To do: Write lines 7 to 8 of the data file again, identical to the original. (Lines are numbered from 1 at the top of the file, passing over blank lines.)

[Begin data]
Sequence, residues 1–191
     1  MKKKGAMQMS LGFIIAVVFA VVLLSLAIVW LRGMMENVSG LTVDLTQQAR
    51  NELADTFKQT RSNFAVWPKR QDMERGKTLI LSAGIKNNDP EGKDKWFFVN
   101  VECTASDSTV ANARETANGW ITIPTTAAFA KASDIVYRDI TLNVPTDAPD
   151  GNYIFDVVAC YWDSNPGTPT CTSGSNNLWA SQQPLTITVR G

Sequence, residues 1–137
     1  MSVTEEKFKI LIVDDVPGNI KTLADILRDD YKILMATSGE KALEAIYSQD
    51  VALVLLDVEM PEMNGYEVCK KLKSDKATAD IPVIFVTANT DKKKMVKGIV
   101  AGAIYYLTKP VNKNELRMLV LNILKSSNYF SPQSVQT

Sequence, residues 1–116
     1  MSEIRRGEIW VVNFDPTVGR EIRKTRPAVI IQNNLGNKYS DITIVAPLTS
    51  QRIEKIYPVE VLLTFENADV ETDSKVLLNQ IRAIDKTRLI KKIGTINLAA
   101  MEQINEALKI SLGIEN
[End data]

     1  MSVTEEKFKI LIVDDVPGNI KTLADILRDD YKILMATSGE KALEAIYSQD
    51  VALVLLDVEM PEMNGYEVCK KLKSDKATAD IPVIFVTANT DKKKMVKGIV